Finally, I say this as someone wholly supportive of Kurdish self-determination (You can check my publication record). Perhaps allowing Iraqis to speak for themselves would have been a good step, and while I understand why politicos fail to do so, I am disturbed that academics are unwilling to take the time to give them voice.
Either we believe in self-determination or we don't; either we believe in the hubris of deciding Iraqis fate for them or we don't. American intellectuals need to take a stand on this issue (it isn't a liberal or conservative one so perhaps they will be unable to frame it properly).
All my best,
University of Victoria
This appreciative reader of your blog wonders why you thought this gratuitous insult was necessary?
"As I noted in my review of State of Denial, Cheney is obviously the Hillary Clinton of this Administration-"
Criticize Hillary Clinton on policy in the context of American politics but you don't need to descend to cheap caricatures.
For Carmen Grayson:
I suggestyou look back at my review of Bush in Denial, where I explained what I meant about Hillary in more detail. I think my conclusion was a more than reasonable inference, and I am not even sure that it really qualifies as an insult. (I would have replied privately but, once again, I don't see people's email addresses when they post comments.)
Re: The Clinton/Cheney comparision: I actually think its a compliment. All administrations need a whip, a hard hand wich co-workers fear. This is not a bad thing, its reality and how big ships operate. Now, who would you work for, Hillary Clinton or Dick Cheney?
Now, concerning the overall historical view, I agree that separation into three states is the only solution. Lebanon could have been a motor in this process, together with Syria (wich is amazingly secular and easygoing) if you had not declared them Mortal Enemies of the Reich. The admins. decision to not talk with Syria and, to a lesser extent Iran, seems quite irrational to me. Its Ideology over Pragmatism, and I just dont get it. If the Three Provinces of Iraq is to be re-established as under Ottoman rule, you need a key state budget, and a loose confederation. The Sunnis must get paid, and Fallujah must be rebuilt in the styleof the Marshal plan, not this utterly corrupt Bush jr. style. ! .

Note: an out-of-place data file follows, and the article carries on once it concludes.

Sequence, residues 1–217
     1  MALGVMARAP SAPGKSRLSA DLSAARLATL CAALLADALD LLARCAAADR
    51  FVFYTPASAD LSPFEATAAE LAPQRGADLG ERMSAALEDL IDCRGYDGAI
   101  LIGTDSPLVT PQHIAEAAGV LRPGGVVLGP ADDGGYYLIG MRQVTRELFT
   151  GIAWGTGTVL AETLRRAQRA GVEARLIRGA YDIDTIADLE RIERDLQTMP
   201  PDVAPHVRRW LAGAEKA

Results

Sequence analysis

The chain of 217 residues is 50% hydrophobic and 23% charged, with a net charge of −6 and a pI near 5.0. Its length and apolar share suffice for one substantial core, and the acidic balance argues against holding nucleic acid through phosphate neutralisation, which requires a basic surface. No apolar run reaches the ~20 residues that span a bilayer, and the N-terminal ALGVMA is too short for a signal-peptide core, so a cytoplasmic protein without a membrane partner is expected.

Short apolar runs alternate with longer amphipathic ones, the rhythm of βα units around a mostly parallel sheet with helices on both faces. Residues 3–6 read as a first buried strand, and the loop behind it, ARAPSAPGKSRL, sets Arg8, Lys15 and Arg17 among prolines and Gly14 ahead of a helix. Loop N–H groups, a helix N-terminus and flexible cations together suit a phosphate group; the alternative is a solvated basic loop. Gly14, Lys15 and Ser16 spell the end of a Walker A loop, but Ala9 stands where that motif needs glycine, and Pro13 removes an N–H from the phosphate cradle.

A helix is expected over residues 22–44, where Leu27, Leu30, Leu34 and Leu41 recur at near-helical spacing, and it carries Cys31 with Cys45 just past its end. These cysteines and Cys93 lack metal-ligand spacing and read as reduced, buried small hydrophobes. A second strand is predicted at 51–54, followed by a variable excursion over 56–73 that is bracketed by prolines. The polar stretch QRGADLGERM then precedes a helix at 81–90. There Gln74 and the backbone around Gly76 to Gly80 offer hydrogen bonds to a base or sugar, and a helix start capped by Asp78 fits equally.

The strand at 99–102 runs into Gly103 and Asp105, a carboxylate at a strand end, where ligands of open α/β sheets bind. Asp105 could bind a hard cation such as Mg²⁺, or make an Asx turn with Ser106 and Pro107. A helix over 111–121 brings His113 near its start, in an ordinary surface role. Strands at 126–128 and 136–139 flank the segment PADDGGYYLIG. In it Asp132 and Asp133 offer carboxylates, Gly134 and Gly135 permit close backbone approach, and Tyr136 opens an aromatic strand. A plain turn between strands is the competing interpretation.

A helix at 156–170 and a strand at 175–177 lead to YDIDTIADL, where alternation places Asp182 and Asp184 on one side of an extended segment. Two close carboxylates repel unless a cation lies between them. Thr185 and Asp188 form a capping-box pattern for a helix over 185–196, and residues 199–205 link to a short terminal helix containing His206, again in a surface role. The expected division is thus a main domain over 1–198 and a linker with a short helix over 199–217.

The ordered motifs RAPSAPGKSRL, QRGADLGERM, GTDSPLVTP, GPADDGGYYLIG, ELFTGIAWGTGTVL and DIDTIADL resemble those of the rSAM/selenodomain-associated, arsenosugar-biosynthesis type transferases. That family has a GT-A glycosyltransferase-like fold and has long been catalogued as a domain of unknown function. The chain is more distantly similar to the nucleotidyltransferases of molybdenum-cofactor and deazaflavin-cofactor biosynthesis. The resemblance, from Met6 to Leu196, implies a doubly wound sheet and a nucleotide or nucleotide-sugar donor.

Argh, thats the problem with your current system: You do everything on the cheap. When you touched Afghanistan, you should have taken it seriously, and NOT invaded Iraq. Now the farmers are hiring Tsjetchen snipers to take revenge, they split their opium-income in hiring 5 professionals for a year. Its how Afghanistan works. Soon that market will extend to the smuggling clans of Iraq.
Thanks for the response, I followed your urging and carefully reread your review of "State of Denial."
First, it seems insulting to me to compare Clinton and Cheney with regard to how they were/are "feared." The politics of the former, while imperfect by my measures, are still in a different political universe from what Cheney has wrought upon us. To introduce "fearsomeness" seems not only outside the larger arguments that you were advancing but also unproductively reductionist.
This is not a scholarly observation about Baker-Hamilton and I would have confined my grousing about the Clinton-Cheney juxtaposition to an e-mail had I known how to reach you that way. I'm still a Kaiser Groupie and frequently e-mail your essays to several groups of friends.